Publication date: May 2019
Source: Fish & Shellfish Immunology, Volume 88
Author(s): Qing Wang, Min Yang, Chen Li, Shaowen Wang, Yuxin Wang, Fangmei Lin, Leyun Zheng, Yepin Yu, Qiwei QinAbstract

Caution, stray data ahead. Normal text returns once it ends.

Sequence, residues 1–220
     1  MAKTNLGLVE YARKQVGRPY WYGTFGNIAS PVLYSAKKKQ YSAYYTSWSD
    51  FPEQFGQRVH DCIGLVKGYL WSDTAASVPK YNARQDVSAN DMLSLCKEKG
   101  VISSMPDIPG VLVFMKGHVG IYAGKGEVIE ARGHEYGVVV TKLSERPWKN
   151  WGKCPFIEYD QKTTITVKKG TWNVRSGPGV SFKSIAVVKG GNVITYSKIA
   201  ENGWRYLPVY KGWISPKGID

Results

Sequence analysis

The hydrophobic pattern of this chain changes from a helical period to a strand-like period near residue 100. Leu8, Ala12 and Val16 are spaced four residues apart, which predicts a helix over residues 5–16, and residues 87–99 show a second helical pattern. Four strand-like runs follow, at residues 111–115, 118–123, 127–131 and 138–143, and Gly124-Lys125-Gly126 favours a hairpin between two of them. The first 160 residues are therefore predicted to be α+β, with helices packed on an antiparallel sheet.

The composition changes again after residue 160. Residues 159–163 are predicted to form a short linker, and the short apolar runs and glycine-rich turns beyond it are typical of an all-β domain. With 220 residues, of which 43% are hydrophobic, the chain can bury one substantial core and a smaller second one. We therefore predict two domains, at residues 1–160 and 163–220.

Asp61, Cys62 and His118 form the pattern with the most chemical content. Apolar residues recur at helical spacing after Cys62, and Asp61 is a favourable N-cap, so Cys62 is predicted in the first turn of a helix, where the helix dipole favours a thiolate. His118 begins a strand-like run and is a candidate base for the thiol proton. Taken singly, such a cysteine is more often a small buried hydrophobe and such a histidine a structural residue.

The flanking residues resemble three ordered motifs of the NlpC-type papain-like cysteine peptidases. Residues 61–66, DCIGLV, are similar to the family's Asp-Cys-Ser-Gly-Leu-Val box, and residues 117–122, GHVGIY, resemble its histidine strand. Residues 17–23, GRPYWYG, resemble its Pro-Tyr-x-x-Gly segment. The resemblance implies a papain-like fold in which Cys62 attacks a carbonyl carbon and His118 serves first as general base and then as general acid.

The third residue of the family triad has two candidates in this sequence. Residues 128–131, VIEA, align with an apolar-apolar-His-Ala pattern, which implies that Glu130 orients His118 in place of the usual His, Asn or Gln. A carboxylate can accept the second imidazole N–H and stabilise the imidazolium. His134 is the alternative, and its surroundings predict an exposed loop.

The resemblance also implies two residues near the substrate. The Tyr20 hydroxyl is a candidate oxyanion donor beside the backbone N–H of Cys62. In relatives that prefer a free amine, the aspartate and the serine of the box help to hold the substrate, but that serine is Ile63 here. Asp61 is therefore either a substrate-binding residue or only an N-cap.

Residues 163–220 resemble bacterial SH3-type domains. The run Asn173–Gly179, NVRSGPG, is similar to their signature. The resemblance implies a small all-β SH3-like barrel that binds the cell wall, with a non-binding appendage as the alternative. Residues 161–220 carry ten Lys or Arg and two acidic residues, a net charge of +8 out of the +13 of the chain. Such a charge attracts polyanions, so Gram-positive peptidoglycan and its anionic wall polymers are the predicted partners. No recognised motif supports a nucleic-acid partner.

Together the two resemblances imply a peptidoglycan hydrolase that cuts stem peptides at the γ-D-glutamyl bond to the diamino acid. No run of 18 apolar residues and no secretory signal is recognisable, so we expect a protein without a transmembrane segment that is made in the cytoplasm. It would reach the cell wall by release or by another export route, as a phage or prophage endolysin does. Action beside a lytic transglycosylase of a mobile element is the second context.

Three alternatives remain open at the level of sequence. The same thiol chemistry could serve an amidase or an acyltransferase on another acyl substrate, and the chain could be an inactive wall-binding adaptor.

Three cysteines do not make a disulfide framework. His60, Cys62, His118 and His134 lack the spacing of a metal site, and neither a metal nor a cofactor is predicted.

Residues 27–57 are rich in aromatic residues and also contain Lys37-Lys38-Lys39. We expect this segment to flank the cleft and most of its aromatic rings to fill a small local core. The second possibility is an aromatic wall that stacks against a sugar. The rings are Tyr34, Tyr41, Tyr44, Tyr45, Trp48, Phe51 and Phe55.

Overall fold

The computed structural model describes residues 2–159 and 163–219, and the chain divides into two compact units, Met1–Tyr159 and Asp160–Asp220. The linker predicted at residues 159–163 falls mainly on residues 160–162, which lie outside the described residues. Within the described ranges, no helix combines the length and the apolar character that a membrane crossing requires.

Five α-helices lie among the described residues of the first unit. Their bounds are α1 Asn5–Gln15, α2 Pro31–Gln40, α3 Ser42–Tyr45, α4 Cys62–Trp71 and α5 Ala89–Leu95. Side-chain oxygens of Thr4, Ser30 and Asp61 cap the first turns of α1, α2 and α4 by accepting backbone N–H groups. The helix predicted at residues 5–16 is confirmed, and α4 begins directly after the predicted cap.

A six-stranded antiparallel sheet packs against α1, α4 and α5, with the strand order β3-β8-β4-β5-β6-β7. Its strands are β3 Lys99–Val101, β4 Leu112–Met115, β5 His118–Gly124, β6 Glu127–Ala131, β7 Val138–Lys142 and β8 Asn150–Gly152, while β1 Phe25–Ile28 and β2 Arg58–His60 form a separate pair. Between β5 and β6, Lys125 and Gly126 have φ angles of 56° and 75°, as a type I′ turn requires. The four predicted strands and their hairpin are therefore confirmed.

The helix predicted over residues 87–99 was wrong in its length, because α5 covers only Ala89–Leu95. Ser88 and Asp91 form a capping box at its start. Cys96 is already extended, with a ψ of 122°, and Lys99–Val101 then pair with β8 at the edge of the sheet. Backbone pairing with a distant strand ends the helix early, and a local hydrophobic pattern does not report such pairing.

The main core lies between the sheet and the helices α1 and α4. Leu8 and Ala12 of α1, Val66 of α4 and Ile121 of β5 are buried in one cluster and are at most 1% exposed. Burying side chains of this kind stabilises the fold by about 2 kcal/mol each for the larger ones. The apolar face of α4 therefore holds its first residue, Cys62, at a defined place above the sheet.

Chemokine receptors are a superfamily of seven-transmembrane domain G-coupled receptors and have important roles in immune surveillance, inflammation, and development. In previous studies, a series of CXCRs in grouper (Epinephelus coioides) was identified; however, the function of CXCR in viral infection has not been studied. To better understand the effect of the CXCR family on the fish immune response, full-length CXCR1a was cloned, and its immune response to Singapore grouper iridovirus (SGIV) was investigated. Grouper CXCR1a shared a seven-transmembrane (7-TM) region and a G protein-coupled receptor (GPCR) family 1 that contained a triaa stretch (DRY motif). Phylogenetic analysis indicated that CXCR1a showed the nearest relationship to Takifugu rubripes, followed by other fish, bird and mammal species. Fluorescence microscopy revealed that CXCR1a was expressed predominantly in the cytoplasm. Overexpression of CXCR1a in grouper cells significantly inhibited the replication of SGIV, demonstrating that CXCR1a delayed the occurrence of cytopathic effects (CPE) induced by SGIV infection and inhibited viral gene transcription. Furthermore, our results also showed that CXCR1a overexpression significantly increased the expression of interferon-related cytokines and activated ISRE and IFN promoter activities. Taken together, the results demonstrated that CXCR1a might have an antiviral function against SGIV infection.